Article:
Sneak peek: Phoenix Indian School Park visitors center revives history

Friday, 13 October 2017, 07:56:14 PM. A new visitors center at Steele Indian School Park aims to educate Arizonans about the Native American boarding school that operated for 99 years.

For 99 years, Phoenix Indian School housed and educated Native American children — initially by forced removal from their reservations — on 160 acres of land in what is now central Phoenix.

Today, nearly 30 years after the campus shuttered, all that remains are three historic brick buildings in the middle of Phoenix's Steele Indian School Park. 

"(The school is) a huge historical piece for American Indians that since the school closed people don't talk about. They don't know. They drive down Indian School (Road) but they probably never even wonder, 'Why is the road called that?' " Phoenix Indian Center CEO Patti Hibbeler said.

Phoenix Indian Center, Native American Connections and the city of Phoenix are aiming to answer that question.

On Saturday, a $1.5 million-plus Phoenix Indian School Visitors Center will open, housed in one of the historic buildings at the park.

When the building first opened in the 1930s, the government forcibly removed elementary school-aged Native American children from their families and sent them to the Phoenix boarding school. The building also was used for an immersion program for older Navajo children.

Later, when the government ended forced assimilation, the boarding school became a high school for children from many Arizona tribes. The newly renovated building was then used for the school's music program and housed an award-winning marching band. It closed in 1990.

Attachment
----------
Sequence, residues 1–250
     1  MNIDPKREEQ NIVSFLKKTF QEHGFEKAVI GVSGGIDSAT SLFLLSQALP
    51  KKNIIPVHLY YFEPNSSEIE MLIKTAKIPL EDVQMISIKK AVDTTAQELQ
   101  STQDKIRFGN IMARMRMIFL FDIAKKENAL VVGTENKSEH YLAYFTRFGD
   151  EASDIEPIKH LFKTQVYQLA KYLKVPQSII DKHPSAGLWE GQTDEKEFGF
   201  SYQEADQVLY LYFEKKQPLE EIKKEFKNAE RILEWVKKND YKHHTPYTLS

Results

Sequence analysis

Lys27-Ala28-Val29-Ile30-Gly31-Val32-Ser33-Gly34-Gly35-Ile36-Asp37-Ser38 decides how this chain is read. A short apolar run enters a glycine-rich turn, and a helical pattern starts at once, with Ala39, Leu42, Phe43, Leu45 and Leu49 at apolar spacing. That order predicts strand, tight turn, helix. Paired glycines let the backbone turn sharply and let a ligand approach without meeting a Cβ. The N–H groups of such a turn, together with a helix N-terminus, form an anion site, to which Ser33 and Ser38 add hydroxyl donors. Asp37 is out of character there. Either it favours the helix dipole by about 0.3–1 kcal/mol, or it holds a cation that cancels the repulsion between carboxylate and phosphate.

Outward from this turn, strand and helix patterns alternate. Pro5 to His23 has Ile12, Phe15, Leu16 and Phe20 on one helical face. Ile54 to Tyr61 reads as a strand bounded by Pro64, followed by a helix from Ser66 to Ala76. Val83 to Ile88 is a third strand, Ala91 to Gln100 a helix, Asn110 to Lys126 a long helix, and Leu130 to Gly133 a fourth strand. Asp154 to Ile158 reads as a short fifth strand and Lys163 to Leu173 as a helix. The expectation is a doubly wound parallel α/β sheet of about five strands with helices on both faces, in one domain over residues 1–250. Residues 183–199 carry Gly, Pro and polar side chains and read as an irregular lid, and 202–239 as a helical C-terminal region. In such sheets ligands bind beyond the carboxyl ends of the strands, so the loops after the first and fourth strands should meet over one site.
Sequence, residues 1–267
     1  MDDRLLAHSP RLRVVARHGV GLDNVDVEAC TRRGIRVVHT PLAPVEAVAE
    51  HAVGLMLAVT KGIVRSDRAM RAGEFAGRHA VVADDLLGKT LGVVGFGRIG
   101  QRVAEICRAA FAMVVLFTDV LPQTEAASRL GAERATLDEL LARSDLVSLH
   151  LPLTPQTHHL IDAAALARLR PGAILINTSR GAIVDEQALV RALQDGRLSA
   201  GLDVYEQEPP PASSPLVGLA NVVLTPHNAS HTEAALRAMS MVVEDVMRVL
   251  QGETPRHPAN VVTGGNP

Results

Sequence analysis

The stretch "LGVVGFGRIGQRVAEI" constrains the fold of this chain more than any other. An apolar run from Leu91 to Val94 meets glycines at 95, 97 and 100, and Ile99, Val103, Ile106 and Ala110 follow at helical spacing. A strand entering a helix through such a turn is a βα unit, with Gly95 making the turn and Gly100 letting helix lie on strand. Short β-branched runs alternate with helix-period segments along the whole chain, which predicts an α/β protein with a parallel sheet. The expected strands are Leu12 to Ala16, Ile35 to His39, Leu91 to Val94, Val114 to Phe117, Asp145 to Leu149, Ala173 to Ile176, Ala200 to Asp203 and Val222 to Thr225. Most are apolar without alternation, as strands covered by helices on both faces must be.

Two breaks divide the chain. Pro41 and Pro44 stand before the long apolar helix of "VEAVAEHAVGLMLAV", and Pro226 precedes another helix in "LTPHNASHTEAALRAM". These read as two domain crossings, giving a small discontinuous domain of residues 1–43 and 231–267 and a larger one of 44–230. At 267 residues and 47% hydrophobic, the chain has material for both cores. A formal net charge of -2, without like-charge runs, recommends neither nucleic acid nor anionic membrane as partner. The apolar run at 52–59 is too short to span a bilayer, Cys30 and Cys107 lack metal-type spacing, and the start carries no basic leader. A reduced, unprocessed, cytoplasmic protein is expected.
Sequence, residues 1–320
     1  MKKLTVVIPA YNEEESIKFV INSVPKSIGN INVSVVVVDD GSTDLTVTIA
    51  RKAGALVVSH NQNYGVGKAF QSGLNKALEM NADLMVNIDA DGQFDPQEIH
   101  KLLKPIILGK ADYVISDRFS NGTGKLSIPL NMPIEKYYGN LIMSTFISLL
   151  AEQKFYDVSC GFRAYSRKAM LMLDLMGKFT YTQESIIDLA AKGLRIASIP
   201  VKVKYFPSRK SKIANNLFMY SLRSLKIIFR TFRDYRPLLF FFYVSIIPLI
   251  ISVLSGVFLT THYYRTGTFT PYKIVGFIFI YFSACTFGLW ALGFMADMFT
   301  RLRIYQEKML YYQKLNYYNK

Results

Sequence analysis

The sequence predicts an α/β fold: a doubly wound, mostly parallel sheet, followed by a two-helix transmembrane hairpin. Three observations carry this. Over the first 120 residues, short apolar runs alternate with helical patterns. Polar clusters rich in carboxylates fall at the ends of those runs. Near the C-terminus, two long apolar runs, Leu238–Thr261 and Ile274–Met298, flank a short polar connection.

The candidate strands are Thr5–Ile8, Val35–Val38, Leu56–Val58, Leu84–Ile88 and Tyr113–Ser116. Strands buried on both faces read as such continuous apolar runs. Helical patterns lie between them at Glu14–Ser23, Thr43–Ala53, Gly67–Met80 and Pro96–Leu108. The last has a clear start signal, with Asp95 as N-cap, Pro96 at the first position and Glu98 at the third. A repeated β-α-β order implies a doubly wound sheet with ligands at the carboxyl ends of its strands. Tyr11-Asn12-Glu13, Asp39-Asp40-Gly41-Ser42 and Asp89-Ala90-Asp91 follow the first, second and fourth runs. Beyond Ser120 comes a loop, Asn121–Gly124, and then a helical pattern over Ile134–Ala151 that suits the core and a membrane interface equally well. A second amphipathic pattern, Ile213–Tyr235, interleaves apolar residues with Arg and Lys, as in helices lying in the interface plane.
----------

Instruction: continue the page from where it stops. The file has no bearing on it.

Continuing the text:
The city obtained a portion of the campus and turned it into a park in the 1990s. The city renovated Memorial Hall, which is to the east of the music building, about 10 years ago. The other building has not been restored.

"When people come to the park, they really have no idea about the history of the park. They don't know what was here for 99 years. So this space will tell that story," visitors center project manager Patty Talahongva said.

What's inside

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Phoenix Indian School Visitors Center project manager Patty Talahongva holds a trophy that will be on display in the gallery at the new visitors center. (Photo: Mark Henle/The Republic)

The new visitors center features a gallery, conference room, board room, classroom and commercial kitchen. 

The initial display in the gallery, which will be free to the public to visit, features an assemblage of trophies won by Phoenix Indian School students as far back as the 1950s. 

Alumni also have donated other memorabilia, such as letterman jackets and cheerleader uniforms, which will be on display. 

Talahongva said her team is still fundraising so that they can eventually transform the gallery into a historical digital journey. They plan to show video interviews with alumni on large screens and showcase digital copies of yearbooks and newspaper clippings about the school.